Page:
However, for at least 30 years, minor differences in proteins were thought to determine the differences between a man and chimp.  In fact, it was seriously stated at one point, that chemically man and chimp weren’t different enough (as far as their proteins were concerned) to be considered separate species.

Well, we are, and the determining difference lies in the 98% of the DNA which does NOT code for protein.  In some way (which we are just beginning to find out) it determines which protein is made where, how much of it is made, and when it is made.  Molecular biology is definitely still in the hunter gatherer stage at this point.

That’s enough for now.  The details are emerging and including things like epigenetics, microRNAs, RNA interference, and even in bacteria metabolite control of mRNA translation into protein (look up the work of Breaker at Yale if you’re interested).

**The answer is Henry Mosely who died at age 27 in the battle of Gallipoli in 1915.  Moseley used X-ray diffraction to show that each element has an atomic number. With this tool he was able to fill the six remaining gaps in the periodic table (at the time) and to put some order into the rare earths.  After that, the British (and everyone else) decided that brains like that shouldn’t be used as cannon fodder.

At my father’s recent 79th Rutgers reunion ( yes his 79th ! ) I met an 87 year old graduate.  I asked him where he served in the war (because just about every male in his generation did).  He said that he didn’t.  I asked him how come. The answer — “I was making penicillin for Merck.”



Drugs and More — RVW #4

Monday, July 2nd, 2007

This is the fourth part in Retread’s Rip Van Winkle series.

There’s a lot to say about just the introduction to Jones. First a mistake — on p. xxxii he implies that heroin is addictive while morphine (described as a pain killer) is not. Unfortunately not true. Both can be addictive and I saw plenty of narcotic addiction as a neurologist (notice I said “can be” not “is”). When I was an Army Doc from ‘68 – ‘70, we had half a million men in Vietnam, and really pure heroin was readily available from Thailand next door. The tour of duty over there was one year. It was estimated that 20 – 30% of the troops used narcotics while there. We were braced for a giant expansion of the addict population over here. It didn’t happen. When shipped back to the states, some mild withdrawal occurred and I saw a few seizures when withdrawal was more severe. Most vets gave it up without much difficultly (assuming that the 20 – 30% figure is close to accurate).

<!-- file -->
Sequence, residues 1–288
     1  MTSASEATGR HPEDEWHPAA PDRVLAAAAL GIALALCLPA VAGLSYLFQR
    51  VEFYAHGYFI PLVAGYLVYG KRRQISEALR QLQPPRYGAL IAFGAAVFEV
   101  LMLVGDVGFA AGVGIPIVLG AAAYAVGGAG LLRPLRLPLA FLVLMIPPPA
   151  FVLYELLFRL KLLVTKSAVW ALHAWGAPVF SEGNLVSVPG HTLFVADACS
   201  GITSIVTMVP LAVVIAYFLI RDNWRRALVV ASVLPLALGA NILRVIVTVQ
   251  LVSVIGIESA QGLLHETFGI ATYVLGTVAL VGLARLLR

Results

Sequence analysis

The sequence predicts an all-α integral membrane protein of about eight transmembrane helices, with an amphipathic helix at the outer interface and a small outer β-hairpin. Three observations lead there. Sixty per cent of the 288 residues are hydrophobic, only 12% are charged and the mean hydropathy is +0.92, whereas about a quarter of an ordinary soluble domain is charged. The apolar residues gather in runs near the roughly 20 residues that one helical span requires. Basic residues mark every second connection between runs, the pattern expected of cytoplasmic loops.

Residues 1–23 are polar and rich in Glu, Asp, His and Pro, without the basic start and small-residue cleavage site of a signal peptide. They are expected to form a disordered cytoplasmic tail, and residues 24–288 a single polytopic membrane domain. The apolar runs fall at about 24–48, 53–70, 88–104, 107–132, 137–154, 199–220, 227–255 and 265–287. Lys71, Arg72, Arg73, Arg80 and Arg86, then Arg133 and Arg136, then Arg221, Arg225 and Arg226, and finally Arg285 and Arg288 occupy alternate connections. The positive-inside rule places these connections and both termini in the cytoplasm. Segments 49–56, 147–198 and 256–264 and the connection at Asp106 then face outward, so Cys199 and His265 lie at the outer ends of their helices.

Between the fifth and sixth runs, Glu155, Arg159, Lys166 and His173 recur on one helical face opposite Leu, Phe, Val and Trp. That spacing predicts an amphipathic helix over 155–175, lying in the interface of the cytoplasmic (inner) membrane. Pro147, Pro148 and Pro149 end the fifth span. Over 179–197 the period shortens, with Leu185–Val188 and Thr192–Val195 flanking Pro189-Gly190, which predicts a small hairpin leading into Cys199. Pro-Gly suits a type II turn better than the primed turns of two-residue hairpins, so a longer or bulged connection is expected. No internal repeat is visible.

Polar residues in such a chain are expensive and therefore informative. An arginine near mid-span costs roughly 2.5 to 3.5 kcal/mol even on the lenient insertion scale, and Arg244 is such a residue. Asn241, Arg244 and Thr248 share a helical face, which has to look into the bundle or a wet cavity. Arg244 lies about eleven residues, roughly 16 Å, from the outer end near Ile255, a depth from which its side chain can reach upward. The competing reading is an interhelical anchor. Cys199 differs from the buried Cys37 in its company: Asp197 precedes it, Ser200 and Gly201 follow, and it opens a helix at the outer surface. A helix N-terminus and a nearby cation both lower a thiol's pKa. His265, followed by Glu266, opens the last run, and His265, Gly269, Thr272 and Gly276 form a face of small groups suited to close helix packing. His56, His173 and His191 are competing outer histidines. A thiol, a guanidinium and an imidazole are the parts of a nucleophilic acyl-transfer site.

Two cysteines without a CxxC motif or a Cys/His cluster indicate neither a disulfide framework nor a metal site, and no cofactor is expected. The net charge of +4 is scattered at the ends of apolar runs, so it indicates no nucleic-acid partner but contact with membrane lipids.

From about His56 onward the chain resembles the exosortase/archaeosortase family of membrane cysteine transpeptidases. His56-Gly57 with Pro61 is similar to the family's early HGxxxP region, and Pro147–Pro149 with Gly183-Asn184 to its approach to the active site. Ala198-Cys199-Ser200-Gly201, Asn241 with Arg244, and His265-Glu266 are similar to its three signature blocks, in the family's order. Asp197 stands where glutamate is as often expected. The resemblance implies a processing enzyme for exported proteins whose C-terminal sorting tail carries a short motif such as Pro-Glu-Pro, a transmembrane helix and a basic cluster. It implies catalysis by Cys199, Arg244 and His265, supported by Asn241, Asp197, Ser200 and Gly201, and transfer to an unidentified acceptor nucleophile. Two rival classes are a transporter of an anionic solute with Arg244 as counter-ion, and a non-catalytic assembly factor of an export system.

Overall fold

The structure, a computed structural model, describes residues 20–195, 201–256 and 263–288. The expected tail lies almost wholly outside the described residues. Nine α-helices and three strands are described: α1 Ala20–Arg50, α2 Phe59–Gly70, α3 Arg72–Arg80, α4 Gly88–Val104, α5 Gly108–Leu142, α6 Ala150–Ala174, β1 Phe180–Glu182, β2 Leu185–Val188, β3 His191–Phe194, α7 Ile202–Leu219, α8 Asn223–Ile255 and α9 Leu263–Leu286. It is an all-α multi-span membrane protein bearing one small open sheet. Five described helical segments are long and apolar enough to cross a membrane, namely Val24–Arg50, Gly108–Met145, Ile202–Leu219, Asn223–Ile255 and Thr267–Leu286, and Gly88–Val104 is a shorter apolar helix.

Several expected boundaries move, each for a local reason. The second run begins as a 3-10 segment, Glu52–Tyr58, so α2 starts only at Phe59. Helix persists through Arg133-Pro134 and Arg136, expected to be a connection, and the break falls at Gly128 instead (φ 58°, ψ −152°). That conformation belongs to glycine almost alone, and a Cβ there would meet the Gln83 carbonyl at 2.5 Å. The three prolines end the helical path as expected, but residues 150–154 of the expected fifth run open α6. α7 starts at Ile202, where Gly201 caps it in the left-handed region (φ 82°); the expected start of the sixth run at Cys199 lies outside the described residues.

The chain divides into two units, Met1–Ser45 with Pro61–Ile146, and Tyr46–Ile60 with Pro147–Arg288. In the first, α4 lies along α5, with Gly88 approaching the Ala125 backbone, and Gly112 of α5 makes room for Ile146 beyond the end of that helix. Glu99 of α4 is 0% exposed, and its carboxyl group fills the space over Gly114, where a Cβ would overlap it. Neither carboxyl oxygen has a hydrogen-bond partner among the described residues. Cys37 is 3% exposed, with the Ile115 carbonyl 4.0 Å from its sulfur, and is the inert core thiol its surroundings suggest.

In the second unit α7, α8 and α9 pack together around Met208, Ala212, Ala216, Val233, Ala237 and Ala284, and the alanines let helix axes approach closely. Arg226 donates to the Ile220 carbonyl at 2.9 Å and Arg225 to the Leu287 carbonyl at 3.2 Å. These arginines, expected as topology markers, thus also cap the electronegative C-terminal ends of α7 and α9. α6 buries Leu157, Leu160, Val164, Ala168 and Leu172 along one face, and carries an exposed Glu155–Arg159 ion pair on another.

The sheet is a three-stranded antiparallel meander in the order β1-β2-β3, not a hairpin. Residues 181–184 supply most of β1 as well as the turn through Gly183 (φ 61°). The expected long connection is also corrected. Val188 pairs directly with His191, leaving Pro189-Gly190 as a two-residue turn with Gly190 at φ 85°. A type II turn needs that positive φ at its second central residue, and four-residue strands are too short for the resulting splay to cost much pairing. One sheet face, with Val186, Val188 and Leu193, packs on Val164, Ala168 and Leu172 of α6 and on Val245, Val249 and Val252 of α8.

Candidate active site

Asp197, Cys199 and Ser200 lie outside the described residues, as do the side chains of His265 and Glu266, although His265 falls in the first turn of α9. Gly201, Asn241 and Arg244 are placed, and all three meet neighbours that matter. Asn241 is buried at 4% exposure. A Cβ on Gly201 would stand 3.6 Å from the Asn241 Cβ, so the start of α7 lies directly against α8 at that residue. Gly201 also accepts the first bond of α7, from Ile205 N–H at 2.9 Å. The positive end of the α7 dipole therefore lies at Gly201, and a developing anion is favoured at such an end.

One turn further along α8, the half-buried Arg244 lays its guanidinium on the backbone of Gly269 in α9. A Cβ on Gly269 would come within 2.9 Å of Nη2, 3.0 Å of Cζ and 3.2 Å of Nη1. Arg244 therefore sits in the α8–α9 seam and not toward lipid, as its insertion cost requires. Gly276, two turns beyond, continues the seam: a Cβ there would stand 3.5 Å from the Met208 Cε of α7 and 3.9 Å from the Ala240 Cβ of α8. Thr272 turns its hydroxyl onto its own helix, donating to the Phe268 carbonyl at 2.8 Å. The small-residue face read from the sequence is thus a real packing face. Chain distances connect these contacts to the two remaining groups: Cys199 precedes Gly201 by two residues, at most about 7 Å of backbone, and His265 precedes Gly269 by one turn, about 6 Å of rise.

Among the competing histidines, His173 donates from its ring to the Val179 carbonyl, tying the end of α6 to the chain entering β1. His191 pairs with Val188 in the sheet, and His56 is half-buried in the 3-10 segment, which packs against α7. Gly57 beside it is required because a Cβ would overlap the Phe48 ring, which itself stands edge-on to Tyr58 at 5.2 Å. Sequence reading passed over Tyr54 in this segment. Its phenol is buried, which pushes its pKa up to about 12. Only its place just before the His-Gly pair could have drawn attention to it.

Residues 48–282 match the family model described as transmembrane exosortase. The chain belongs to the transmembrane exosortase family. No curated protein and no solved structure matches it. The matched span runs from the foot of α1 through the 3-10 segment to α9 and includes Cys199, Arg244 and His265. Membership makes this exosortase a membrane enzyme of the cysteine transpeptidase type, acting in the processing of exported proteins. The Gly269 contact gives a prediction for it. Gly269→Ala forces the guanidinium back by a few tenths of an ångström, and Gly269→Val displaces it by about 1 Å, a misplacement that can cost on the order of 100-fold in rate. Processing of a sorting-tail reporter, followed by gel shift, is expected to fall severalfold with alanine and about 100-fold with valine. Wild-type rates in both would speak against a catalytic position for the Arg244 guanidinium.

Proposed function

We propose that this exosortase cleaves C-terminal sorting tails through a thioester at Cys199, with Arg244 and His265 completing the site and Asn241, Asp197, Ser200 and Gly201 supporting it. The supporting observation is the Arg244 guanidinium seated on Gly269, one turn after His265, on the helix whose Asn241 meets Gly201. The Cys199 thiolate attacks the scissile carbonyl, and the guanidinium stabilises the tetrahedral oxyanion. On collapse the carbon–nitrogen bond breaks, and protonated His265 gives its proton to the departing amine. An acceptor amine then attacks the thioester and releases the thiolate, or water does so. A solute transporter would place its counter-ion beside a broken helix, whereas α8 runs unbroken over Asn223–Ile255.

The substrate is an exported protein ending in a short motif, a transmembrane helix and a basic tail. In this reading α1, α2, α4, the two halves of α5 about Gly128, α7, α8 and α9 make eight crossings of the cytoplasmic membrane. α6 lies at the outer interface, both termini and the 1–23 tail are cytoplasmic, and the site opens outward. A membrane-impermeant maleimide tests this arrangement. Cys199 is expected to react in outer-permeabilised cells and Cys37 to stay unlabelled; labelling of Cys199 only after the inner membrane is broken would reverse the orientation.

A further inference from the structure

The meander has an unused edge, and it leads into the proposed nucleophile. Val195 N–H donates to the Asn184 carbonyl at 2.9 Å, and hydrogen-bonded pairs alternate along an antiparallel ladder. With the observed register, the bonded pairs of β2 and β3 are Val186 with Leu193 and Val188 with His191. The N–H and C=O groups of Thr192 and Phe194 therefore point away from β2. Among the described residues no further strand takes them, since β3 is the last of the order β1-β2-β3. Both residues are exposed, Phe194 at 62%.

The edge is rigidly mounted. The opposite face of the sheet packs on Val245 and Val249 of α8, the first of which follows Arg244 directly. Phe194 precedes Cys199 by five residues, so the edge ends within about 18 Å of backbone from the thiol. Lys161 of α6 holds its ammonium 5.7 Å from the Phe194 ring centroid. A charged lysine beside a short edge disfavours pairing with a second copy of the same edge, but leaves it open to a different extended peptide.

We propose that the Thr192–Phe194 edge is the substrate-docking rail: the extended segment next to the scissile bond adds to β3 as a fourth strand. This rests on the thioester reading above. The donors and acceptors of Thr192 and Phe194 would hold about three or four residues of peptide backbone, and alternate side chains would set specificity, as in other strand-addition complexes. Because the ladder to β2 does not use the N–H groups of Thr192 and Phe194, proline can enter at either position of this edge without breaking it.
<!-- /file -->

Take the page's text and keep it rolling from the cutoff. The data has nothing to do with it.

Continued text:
Having used lots of morphine (postoperative pain, auto accidents etc. etc.) I would say that 95% of people receiving morphine or one of its synthetic cousins do NOT like the way it makes them feel (although they are all grateful for the pain relief). What is truly fascinating is that those liking the stuff and those not liking it describe the experience exactly the same way. “I was out of control. I didn’t care about anything. I couldn’t concentrate—I hated it” or “I didn’t have a care in the world. I was just floating, and forgot my troubles—I loved it”. I don’t think neurochemistry—or even chemistry—can explain this. It is the province of novelists and psychiatrists.

Second (still on p. xxxii) although structure determination is easy now, it wasn’t back then (as Jones mentions). However, structure determination taught a lot of chemistry to chemists and certainly sharpened their analytic skills.

A chemist (David Ginsburg from Israel) gave us a series of lectures on the opium alkaloids (I think in the fall of ‘60). I’m not sure just how many but my retranscribed notes on them go for 46 pages of which the first 32 were on the determination of the structure of morphine, and the last 14 concerned its synthesis. As I recall, Woodward
attended all of them.

Parenthetically, it is always a good idea to retranscribe your notes (assuming people still take notes) so that you can understand them years later.

The most interesting statement (again p. xxxii) is “Chemists began the transformation from the hunter-gatherer stage to modern times, in which we routinely seek to use what we know to generate new knowledge.” While certainly true, I think that chemists have always done this. We certainly thought so in the 60s. The further implication is that there is no role for just ‘messing about’ to find new chemistry. I don’t know enough chemical history to say how many surprises there have been, but no one anticipated Buckyballs and nanotubes (as I recall). What about the metathesis reaction? Was that figured out beforehand? In the next installment, I’ll argue that molecular biology is still in the hunter gatherer stage, even though up to a few years ago most molecular biologists didn’t think so.